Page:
Brighton’s Amex stadium is the latest British sports venue to be turned into a coronavirus testing centre, the Premier League club confirmed on Sunday.
The Tottenham Hotspur stadium and the home of English rugby, Twickenham, have also been converted into drive-through testing facilities as part of the British government’s effort to increase testing for thousands more National Health Service (NHS) staff and other key workers.
“The centre was scheduled to see more than 50 NHS frontline workers on Saturday afternoon, and they will have the results of their tests within 48 hours. Within a few days, the site should reach its capacity of up to 1,000 tests a day,” said Brighton chief executive Paul Barber.
“We have committed to do everything we can to assist the NHS and other key workers in this crisis.
“We have already opened up the doors of the training ground, as well as the stadium, to be used by the NHS, emergency services and local authority for training, storage or whatever they feel it can be used for in the fight against this pandemic.”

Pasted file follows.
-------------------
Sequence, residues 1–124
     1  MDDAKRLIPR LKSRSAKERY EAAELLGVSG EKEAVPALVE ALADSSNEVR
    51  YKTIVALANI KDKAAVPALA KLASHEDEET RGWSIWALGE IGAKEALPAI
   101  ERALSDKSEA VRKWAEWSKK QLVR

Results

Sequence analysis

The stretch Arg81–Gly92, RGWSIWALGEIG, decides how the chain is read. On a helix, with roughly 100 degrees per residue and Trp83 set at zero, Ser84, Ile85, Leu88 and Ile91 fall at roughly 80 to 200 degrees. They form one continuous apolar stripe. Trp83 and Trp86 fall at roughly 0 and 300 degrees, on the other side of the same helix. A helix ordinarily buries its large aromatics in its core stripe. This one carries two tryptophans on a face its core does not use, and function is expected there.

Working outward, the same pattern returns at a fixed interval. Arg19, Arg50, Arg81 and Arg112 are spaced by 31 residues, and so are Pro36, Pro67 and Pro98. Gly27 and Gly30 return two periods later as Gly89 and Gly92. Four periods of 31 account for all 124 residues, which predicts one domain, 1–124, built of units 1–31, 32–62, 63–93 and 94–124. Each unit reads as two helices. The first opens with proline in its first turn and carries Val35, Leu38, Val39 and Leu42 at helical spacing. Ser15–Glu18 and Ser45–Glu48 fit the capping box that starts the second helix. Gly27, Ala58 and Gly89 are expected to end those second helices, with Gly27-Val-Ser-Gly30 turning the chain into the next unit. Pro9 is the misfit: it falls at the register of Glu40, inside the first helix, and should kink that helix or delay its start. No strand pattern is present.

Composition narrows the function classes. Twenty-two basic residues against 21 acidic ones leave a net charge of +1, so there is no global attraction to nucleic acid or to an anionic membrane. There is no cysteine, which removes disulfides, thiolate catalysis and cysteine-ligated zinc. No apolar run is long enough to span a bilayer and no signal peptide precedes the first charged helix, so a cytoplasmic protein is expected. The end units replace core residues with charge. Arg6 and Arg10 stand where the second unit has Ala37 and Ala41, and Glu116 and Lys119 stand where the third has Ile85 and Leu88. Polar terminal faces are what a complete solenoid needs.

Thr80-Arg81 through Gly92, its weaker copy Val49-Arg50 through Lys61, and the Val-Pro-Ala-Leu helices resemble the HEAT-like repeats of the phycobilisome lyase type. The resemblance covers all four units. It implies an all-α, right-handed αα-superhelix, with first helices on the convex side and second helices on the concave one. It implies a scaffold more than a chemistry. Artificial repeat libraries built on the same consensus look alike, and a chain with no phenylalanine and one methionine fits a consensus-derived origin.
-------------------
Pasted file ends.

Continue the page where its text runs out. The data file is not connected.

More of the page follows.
The UK government has come under increasing pressure to ramp up its testing capability to help control the spread of COVID-19.
The official death toll in Britain soared by 888 on Saturday to 15,464.
Premier League matches have been suspended indefinitely due to the virus.
Even when games do return they are likely to be behind closed doors due to guidelines on social distancing.
The Premier League is examining proposals using a small number of neutral venues to play all the remaining 92 games of the season to minimise the number of medical, media and security personnel needed.
That would free up those stadiums being utilised for services to help fight the virus to fulfil that need for a longer period.
Testing is also likely to hold the key to whether the Premier League season can be completed at all.
Until widespread testing is available to the public, league officials are wary of draining resources by testing players with the aim of clearing them to return to action.